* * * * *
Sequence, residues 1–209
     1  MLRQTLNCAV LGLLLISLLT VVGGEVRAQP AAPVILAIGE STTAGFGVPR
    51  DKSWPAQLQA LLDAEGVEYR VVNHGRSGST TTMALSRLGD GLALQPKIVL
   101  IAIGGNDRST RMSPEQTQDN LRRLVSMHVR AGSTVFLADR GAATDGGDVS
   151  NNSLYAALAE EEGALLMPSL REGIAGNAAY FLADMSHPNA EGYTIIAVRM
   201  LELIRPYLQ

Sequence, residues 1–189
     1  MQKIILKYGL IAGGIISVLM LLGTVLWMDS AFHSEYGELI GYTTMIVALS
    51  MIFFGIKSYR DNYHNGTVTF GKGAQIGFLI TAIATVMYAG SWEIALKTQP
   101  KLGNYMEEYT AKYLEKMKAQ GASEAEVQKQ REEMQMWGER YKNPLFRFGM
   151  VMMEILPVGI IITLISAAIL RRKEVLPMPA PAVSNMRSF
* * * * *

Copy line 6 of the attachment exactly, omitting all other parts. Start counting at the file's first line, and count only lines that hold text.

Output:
   201  LELIRPYLQ